|(The gallery or Rabieng Khot)
|(The gallery or Rabieng Khot)
|(Base of the main prang - quincunx)
|(Base of the main prang - quincunx)
|(False windows of the Royal Vihara)
|(One of the many satellite vihara)
|(Click thumbnail for an aerial view, ground plan or clip)
|(Base of the main prang - quincunx)
|(Decapitated sitting Buddha image in situ)
|(Remains of the Royal Vihara)
|(The touristical "high light" of Wat Maha That)
Description of Wat Maha That by one of the Lankan Ambassadors to Ayutthaya in 1751 AD
On the twenty-first day of the solar month Kanya, being Sunday, three officers came in the morning and accompanied us in boats to the vihare
called Maha Dhanvarama, in the district named Na pu than, that we might make offerings there to the Baddha and acquire merit, and also see the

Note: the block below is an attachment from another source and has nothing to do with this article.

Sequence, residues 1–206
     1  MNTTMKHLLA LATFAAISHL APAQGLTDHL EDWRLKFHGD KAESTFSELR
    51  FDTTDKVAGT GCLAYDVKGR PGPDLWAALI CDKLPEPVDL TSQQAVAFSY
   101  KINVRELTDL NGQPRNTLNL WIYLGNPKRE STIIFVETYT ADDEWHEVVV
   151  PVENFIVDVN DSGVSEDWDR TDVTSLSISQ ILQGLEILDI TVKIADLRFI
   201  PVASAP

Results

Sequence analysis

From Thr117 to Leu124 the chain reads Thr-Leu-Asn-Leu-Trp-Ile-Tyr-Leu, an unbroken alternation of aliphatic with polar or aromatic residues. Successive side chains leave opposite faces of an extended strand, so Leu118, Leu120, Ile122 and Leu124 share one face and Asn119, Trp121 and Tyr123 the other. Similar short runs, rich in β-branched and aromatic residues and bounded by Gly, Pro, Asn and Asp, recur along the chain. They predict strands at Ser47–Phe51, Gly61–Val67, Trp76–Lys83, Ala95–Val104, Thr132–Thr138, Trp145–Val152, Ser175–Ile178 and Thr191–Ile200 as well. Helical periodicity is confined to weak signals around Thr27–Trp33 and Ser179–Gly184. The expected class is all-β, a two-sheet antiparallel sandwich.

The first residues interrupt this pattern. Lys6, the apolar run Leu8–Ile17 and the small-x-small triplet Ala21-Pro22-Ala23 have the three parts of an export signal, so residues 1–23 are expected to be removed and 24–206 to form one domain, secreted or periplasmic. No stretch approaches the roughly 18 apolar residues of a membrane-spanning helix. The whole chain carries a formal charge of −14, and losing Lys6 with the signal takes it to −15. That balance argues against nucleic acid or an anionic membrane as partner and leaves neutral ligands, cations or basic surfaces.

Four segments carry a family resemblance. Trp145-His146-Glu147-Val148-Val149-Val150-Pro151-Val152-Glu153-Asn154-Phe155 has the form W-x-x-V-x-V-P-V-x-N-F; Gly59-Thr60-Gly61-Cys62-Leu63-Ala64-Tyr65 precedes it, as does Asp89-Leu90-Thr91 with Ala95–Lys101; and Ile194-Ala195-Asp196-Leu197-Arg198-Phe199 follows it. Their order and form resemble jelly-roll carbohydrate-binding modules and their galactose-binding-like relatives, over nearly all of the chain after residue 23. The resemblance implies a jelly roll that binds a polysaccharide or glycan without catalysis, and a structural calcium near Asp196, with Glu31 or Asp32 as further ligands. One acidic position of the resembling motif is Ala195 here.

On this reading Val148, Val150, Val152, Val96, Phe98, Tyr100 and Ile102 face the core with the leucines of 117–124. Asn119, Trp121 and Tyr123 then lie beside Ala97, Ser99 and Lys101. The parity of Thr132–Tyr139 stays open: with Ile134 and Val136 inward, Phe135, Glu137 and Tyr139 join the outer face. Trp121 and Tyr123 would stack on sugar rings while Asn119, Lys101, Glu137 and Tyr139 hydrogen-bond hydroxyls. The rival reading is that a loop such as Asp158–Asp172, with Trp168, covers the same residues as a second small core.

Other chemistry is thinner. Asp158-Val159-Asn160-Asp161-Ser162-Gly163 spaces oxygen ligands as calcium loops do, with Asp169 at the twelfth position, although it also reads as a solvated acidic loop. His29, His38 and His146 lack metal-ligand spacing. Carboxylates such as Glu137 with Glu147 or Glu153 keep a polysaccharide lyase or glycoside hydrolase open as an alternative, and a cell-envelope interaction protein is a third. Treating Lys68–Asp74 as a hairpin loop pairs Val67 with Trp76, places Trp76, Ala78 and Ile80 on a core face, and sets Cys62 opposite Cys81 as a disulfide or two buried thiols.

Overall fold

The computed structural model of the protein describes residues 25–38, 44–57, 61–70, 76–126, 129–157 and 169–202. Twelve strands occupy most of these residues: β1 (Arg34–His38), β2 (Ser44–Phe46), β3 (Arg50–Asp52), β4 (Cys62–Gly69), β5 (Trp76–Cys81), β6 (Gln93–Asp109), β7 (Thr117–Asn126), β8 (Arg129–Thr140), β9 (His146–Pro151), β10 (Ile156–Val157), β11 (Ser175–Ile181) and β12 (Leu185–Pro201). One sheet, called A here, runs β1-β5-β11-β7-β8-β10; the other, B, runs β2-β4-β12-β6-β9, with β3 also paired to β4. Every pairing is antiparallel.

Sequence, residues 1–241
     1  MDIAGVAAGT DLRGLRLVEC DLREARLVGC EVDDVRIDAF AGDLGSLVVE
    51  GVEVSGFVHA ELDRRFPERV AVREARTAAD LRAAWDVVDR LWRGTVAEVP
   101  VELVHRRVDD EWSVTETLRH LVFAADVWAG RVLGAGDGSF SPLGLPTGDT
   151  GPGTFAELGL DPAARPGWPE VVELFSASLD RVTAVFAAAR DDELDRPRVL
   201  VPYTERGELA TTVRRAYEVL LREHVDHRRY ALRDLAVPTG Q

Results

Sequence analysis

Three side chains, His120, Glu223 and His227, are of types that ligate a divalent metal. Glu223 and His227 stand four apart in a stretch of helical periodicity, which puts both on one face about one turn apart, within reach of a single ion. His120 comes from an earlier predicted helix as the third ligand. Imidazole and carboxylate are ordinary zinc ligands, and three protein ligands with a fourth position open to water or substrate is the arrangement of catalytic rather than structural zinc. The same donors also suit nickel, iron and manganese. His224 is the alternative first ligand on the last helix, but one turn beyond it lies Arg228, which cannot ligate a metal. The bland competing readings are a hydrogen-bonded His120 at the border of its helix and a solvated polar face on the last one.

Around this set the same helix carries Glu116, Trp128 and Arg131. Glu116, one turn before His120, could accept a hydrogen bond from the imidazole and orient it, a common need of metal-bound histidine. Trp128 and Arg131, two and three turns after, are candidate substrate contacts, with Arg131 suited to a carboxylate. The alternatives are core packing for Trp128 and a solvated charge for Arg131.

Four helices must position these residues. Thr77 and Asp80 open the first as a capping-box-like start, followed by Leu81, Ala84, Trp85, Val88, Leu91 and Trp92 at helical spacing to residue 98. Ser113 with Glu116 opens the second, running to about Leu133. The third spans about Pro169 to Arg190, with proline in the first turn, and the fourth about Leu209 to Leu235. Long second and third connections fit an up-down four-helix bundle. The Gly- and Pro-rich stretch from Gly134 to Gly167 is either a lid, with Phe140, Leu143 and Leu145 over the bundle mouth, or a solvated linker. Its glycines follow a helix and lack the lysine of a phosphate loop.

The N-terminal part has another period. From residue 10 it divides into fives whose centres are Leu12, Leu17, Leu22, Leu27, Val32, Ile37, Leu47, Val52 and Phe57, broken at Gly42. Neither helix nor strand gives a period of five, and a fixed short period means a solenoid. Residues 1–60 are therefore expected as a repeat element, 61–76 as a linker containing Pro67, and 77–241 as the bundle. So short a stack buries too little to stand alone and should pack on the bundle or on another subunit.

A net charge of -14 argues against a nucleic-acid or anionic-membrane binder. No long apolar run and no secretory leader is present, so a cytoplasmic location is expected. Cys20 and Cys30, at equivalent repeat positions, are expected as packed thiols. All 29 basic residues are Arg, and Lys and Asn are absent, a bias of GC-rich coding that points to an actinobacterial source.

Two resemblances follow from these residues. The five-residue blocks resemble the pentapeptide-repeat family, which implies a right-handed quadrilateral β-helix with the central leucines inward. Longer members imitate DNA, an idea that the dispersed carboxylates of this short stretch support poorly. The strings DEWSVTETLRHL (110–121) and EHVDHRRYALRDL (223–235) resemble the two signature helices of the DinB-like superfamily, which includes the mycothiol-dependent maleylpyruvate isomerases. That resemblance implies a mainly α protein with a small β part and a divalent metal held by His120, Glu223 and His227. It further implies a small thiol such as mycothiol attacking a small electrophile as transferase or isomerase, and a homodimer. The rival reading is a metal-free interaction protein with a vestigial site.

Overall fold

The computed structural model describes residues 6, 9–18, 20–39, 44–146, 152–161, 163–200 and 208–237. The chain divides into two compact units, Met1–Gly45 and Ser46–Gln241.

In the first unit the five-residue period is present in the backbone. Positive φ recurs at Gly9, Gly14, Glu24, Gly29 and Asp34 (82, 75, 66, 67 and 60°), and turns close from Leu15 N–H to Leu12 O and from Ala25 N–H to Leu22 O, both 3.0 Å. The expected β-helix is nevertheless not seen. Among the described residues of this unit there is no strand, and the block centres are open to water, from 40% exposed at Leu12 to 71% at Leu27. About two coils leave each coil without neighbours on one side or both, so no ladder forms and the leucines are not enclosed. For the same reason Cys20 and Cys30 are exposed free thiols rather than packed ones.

beauties of the place; and this is what we saw there. The place was a fertile stretch of level land enclosed by four walls, outside which ran four
From the water-course to the east up to the gate there was a long covered passage of two stages. On entering at the gateway we saw on the four
sides eight holy dagabas, so covered with gilding that they resembled masses of kinihiriya flowers. In the intervals were various images. Among
them at the four sides were four buildings of two stages against the inner walls of which, and rising to the roof were large gilt images of the
Buddha. Within the space enclosed by these were four handsome gilt dagabas with images interspersed. In the very centre of all was a dagaba
richly adorned, with doors on the four sides fitted with stairs, up and down which we could ascend and descend. At the four, corners of the square
base of the spire were four dragons with wings outstretched and meeting above; in the four panels were four images of gods adorned with all the